Tuesday, June 15, 2010


Brides come to me either wanting a particular gown I've designed or after visiting salons and finding not one gown they like but components of many.  Here is a series of FAQs a custom bridal designer gets  My email box is proof the two most frequently asked are 1.) How long does it take to create a custom designed gown? and 2.) How much will it cost?


We designers put in many hours and a high level of craftsmanship when it comes to creating one-of-a-kind gowns. Imagine working with fragile, white fabric and delicate laces as an art form. Add to that keeping those fragile laces intact and white gowns looking fresh through fittings and such takes care each painstaking step of the way. So a gown hand-crafted by a designer usually takes 4-6 months to complete from a listing of your measurements. The greatest thing about custom design is that you'll have more of a one-on-one collaboration with the designer and input on any choices of fabric, silhouette and overall style.


Chances are, no, unless you order Lady Di's silk taffeta gown with the 25 foot train and layers of uber-pouf. Most custom designs run neck and neck with the prices you'll find in better salons. Custom designers usually work all the materials and labor into the price of the garment. Prices can range from, $1000.00 for something simple and unadorned up to $16,000.00 for the works: full trains, petticoats, underskirts, bustles, intricate beading, etc. Medium price range for a custom wedding gown as of this writing writing would be around $2500.00-5000.00.

Overall, brides are happy with custom design because of the leeway it offers. Where and in whose bridal collection can you find cotton wedding dresses these days? Or suits? Or two-piece dresses? Or convertible gowns? Custom design is optimal for the bride who wants some individual touch not offered in the designer lines you find in salons or bridal boutiques.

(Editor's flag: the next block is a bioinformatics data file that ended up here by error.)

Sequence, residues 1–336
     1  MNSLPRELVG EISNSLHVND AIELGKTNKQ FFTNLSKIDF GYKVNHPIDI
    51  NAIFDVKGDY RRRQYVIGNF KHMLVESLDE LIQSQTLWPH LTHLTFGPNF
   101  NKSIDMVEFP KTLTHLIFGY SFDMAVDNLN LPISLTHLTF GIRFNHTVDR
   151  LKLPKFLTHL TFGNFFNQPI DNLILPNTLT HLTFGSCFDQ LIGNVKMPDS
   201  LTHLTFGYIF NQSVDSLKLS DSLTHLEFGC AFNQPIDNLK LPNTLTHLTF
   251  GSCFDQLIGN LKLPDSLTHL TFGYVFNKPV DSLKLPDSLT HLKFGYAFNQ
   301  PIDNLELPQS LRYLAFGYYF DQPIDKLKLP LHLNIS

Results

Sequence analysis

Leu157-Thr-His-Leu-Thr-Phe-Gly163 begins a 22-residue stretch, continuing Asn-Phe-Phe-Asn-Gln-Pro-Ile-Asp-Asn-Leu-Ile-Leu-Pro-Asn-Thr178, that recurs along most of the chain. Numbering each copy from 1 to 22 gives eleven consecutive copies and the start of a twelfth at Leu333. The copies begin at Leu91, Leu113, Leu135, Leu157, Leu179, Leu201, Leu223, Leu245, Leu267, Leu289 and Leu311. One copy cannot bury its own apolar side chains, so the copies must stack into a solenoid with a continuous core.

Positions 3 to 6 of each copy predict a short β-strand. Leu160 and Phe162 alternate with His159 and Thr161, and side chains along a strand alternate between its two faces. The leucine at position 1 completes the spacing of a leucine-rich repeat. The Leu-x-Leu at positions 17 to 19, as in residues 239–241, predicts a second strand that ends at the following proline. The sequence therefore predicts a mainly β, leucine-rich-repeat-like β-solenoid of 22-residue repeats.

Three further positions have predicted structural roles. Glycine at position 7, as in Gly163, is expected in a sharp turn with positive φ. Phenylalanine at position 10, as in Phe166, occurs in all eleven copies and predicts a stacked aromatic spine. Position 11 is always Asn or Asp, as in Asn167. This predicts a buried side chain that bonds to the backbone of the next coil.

The designer/client relationship is one that's very special so choose one with care. Just like any relationship you must be in simpatico. In simpatico first with the design vision and then your working relationship. You can help by bringing photos, magazine clippings, sketches or swatches of fabric. All this is discussed with the designer running a few ideas back to you. Choices and cost of materials, fabrics and a few other details are usually explored.

If the designer has a small sample collection, this is usually when you can begin trying gowns on to see what the fabrics are going to look and feel like with you in them. This is the time too to look over how well the samples are made. Don’t worry about whether or not you know haute couture techniques here—just pull up a hem or look at the inside of one of the garments and you’ll know if its cleanly made and as beautiful on the inside as out.


Eventually, a gown is in the making. After a final sketch is approved, a written estimate follows, complete with fabric swatches and your measurements are finally taken. For every gown order, a paper pattern is made. Think of the paper pattern as a blueprint, a record with all your dimensions on it. From this, most designers (some dressmakers too) work out a muslin. A muslin is an actual cotton mock-up and ‘living pattern’ of the gown design, fitted exactly to your body. Now, think of the muslin as the foundation work—laying all the necessary groundwork upon which your dress will be built. This is where most of the fine-tuning is done to get the perfect fit before one cut or stitch goes into the true gown fabric(s).

After your muslin fittings (there may be two of them), the muslin is unstitched and laid out on the actual fabric and the gown is made up. Since most of the fitting is worked out on the muslin, second and third fittings usually follow up with finishing touches on the gown like, final hemline, closures, remaining design details, etc. Be prepared for more than three fittings though. A gown made from the ground up is a work in progress and each step along the way is painstakingly taken, checked and rechecked.

Keep in mind you want your gown delivered at least a month before your wedding. Yes. You need to synchronize your calendars on this one. You want to be able to relax and deal with all those other last minute details involved in your wedding, not still fussing around over hemlines.

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